"But I was late handing in book two. I actually handed in books two and three together but we couldn't get into a position where we could sort out when the books were going to be released. In the end, we thought it was perhaps better, because we'd already waited so long for book two (seven years), to move fast with someone else who could slot it in. So I asked Bill Schafer if he could do it at Subterranean Press. He said he liked the first book and yeah we'll do books two and three.
"That left us with what do we do about book one being unavailable? So I decided to do it myself (it's not vanity publishing because it had already been bought, approved and released by another publisher so all I'm doing is reprinting it). But I didn't want to put it out as a PS Publishing book so I came up with the title of Drugstore Indian Press and Les Edwards did me a wonderful logo of an American Indian looking very regal.
"So book one, Forever Twilight: Darkness, Darkness has just been re-released by Drugstore Indian press; book two, Windows To The Soul is out now from Subterranean Press and book three will be released by Subterranean Press in the Spring 2010."
Andrew Hook Spins A New Zombie Tale
Previously head honcho of Elastic Press, Andrew Hook has been picking up awards at Fantasycon for a couple of years now. With Elastic Press now wound up, Hook is focussing more on his writing and his latest title, And God Created Zombies, launched at Fantasycon.
"It's a personal kind of zombie story I suppose," Hook said. "I'm not looking at the zombies themselves but more about how they are affecting one individual and the reason for that becomes clear as you get to the end of the book."
What's the backdrop for the story?
"It's set Now, in the middle of a financial meltdown, when John Baker loses his job, loses his girlfriend and then, increasingly, there's a zombie presence that seems to be centred around him, at least that's how he feels.
"He's very self aware of zombies as a horror trope, like Romero's zombies, but he doesn't understand how it could be happening because it's following the conventions of being inside a horror movie. He can't just blindly go along with it -- there's a lot of questioning about how this could be happening -- so it's been described as an existential zombie thriller, which might put some people off or might draw some people in."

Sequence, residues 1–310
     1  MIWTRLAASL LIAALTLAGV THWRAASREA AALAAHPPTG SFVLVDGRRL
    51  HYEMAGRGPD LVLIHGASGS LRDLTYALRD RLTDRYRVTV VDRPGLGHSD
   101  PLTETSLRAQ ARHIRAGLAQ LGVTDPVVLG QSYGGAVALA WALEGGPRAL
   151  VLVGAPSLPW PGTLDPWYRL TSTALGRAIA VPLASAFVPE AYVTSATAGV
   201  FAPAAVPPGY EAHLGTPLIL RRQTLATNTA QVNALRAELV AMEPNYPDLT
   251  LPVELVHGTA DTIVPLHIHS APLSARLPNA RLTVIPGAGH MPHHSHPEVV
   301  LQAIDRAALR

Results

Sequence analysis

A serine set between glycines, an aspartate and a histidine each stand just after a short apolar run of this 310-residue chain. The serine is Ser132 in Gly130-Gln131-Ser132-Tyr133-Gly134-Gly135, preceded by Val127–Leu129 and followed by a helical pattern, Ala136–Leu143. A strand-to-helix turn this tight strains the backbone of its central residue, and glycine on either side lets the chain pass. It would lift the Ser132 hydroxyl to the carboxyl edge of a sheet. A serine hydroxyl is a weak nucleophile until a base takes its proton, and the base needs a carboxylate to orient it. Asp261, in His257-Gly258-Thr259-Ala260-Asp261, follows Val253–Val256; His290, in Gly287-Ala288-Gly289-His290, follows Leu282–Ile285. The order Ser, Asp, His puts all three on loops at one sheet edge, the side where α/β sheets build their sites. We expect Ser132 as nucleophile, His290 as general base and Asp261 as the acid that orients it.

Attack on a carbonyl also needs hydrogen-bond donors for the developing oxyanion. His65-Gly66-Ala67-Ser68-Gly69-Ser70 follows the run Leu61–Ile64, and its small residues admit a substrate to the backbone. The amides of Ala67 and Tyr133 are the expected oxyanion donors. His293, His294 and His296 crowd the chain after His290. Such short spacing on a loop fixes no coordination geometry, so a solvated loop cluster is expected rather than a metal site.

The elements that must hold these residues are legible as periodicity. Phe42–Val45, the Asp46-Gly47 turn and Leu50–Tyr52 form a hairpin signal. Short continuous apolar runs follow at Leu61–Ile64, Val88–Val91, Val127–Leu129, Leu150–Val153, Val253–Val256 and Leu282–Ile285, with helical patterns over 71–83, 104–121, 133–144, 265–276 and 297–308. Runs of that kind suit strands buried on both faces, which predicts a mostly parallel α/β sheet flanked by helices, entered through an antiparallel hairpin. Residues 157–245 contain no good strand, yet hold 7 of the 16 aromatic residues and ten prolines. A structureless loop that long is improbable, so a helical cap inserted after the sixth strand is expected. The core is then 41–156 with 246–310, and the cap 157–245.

Who do we meet in the book?
"There are four main characters. You've got the central character John Baker; his old girlfriend who makes a brief appearance; a friend of his Roberto who is quite a strong character and then there's the new girl he meets. And there's a love story at the centre which is crucial to John's understanding of everything.
"John is probably a little bit me. The Roberto character is based very strongly on someone I knew who unfortunately died of a heart attack quite recently. I wrote this book afterwards with him in mind. He wouldn't have been a reader, he wouldn't have understood anything about books, but it just seemed fitting to put him in there in that particular role."
So, are you a zombie fan?
"I haven't read much zombie fiction but yeah, I think George Romero's zombies are excellent and I think the most recent one, The Diary of the Dead, works brilliantly. I think the final scene in that one is just as shocking as the final scene in Night of the Living Dead when the guy gets shot because they think he's a zombie."
You can get your own fix of the walking dead in And God Created Zombies, out now from Newcon Press.
Rio Youers On Grumpy Old Men
Another book launching at Fantasycon was Rio Youers' Old Man Scratch novella. Pete Crowther gave the book a great build up at the launch -- as well he should with him being the publisher and all -- but given that it takes a lot of talent to impress someone with Pete's experience, it was time to go digging for more information...